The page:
Wednesday, May 16, 2012

A Visit to Green Island, Taiwan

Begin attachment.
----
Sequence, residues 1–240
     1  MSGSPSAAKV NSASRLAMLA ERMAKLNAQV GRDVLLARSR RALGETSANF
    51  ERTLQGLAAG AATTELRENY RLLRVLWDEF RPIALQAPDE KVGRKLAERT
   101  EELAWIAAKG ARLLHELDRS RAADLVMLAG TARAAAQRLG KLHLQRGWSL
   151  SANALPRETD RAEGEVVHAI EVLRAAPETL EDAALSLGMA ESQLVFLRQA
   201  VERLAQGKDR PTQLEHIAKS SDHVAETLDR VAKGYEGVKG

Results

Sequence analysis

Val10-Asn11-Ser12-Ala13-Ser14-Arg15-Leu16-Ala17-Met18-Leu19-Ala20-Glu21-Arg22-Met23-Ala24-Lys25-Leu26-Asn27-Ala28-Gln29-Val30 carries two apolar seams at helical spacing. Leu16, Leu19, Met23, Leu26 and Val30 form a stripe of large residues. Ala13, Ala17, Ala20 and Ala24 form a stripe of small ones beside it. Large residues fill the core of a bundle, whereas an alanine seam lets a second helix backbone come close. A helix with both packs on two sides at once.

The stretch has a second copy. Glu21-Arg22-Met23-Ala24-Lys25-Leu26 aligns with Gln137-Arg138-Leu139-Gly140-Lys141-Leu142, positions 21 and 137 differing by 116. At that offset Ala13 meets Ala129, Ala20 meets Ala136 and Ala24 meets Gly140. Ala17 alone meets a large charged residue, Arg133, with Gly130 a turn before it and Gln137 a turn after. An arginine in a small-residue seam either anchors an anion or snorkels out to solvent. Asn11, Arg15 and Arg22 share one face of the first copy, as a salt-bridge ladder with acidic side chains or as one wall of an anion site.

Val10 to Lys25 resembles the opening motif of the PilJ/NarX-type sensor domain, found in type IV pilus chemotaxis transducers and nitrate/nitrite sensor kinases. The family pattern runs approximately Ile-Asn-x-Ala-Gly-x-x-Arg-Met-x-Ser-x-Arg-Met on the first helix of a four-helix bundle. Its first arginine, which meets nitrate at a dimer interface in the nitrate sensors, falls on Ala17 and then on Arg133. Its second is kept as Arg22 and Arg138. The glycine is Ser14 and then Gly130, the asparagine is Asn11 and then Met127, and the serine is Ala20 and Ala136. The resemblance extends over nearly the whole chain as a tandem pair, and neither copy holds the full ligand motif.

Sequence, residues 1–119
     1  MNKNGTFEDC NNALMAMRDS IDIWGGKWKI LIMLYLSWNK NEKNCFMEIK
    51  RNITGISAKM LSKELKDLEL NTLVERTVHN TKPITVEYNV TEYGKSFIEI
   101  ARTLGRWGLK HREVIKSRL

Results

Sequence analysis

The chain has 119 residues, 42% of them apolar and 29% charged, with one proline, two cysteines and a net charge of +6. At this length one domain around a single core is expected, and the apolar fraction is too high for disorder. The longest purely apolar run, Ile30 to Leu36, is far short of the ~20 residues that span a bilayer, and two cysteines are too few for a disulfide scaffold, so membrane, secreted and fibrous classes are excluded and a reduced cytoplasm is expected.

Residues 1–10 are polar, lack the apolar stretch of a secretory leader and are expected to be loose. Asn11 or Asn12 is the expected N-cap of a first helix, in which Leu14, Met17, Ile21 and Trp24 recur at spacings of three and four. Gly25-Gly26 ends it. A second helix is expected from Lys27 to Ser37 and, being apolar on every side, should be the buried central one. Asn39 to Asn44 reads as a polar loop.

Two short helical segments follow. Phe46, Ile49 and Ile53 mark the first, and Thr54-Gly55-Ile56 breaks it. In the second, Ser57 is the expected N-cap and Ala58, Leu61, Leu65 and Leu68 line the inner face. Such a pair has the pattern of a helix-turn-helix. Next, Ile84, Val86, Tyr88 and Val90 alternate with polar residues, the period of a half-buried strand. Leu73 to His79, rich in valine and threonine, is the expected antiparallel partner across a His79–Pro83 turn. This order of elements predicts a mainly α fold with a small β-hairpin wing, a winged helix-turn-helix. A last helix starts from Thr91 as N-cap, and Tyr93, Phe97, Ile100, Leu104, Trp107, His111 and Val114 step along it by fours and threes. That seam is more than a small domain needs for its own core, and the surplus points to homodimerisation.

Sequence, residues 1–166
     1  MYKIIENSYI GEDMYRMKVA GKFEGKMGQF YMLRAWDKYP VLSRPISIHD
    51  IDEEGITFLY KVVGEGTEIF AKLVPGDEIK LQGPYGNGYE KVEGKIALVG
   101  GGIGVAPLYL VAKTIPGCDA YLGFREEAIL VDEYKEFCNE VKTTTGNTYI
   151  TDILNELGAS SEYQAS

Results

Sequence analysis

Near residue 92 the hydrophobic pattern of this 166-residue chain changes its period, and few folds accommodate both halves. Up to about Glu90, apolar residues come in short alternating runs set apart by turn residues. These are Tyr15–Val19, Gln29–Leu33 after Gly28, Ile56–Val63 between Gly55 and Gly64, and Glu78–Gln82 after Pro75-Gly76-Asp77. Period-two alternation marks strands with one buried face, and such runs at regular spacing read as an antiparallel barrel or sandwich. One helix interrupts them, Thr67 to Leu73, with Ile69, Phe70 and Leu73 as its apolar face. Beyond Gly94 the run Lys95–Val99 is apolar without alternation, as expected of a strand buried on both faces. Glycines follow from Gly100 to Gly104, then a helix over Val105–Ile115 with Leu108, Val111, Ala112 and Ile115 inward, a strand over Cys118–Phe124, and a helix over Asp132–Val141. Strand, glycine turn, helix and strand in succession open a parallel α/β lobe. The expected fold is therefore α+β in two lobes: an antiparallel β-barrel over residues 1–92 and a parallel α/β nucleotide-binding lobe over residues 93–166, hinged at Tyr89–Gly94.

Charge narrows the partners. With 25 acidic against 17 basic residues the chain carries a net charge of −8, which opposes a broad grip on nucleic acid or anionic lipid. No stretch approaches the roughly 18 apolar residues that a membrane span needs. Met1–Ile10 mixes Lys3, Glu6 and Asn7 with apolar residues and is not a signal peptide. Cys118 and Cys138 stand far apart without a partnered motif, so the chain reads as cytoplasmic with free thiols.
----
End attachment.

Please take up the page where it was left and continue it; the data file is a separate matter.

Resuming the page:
"A Visit to Green Island, Taiwan"," Now a popular vacation destination for locals, the treacherous Kuroshio Current surrounding the island and its infamous prison once made it notorious for being Taiwan's Alcatraz. Keep an eye on the weather though; all transportation is grounded in the event of heavy rain or strong winds, and it's easy to find yourself stranded. Many of the hotels are by the harbor, which is crowded, smelly and expensive. Shiacarl is, hands down, the best place to stay on Green Island. Prices vary by season, but I spent about US $150 on the package for four days/three nights during the high season. The best room is a double room at the top which offers both. Green Island is a haven for those wishing to escape the overcrowding of Taiwan's larger cities and a must-see for anyone who visits Taiwan. If starting from Shiacarl, bike or ride a scooter north up a steep mountainous road (30 min. by scooter). After catching the sunrise, start off northwest toward the Sika Deer Area. The cave protects a stalagmite mildly resembling Guanyin, a Buddhist goddess that island fishermen and sailors pray to for safety. The prison is open to the public and, for many visitors, is the historic highlight of the island. Be on the lookout for lizards and coconut crabs as you follow the road around these buildings to your right and come upon a sandy path that leads to the beach. I think I frightened them as much as they did me! The tombs belong to soldiers and political prisoners, and many believe the surrounding hills are haunted by their ghosts. Look up the steep cliffs behind Swallow Cave and you will probably see herds of goats vying for the choicest bits of grass and daring each other further out onto the ledges. "" The monument consists of a pool of rain water with a duct spiraling down to a fountain that is said to signify the thousands of tears that have fallen in grief for the dead or ""missing"" victims. If you're feeling famished, pass through the village of Gong Guan where there's a hotel-run coffee shop and a good grill-it-yourself buffet restaurant (US ~$12 lunch/dinner only). This is an immense pre-historic fossilized shell heap created by the San Zung Liao, who inhabited the island circa 1,000-1,800 B. Everything from shells and antlers to pottery and jewelry has been found there. You can snap a picture from the outside, but will only be allowed in if you do something really heinous. Unfortunately, a lot of the coral near the shore has died (probably from being trampled by tourists), but there is still a surprisingly large variety of fish. Near the diving area stands a modest lighthouse. As a gesture of gratitude, America donated money to construct the lighthouse, which was completed in 1939. The shopping's ok if you need a bikini, want to pick up some dried deer, squid or seaweed, or are interested in shells with plastic googly eyes imported from Southeast Asia. The snacks are pretty good; indulge in big seashells of milk tofu and seaweed gelatin over ice. Just past the harbor is the Big Mushroom Coral Reef, which is rumored to be fantastic snorkeling, although I didn't have a chance to see it myself. However, it's a little pricey from what I've been told (US $15-20/night). Near the campground, right on the beach, is the world-famous Jhaorih sulphur/saltwater hot spring. Near the hot spring is the trailhead for the Cross-Mountain Trail, which is only accessible by foot. So, if you find yourself in Asia, don't make the mistake of overlooking Taiwan. The marvelous scenery, welcoming locals, rich history, and sprinkling of adventure are the perfect combination for an unforgettable journey. Make my day click here  

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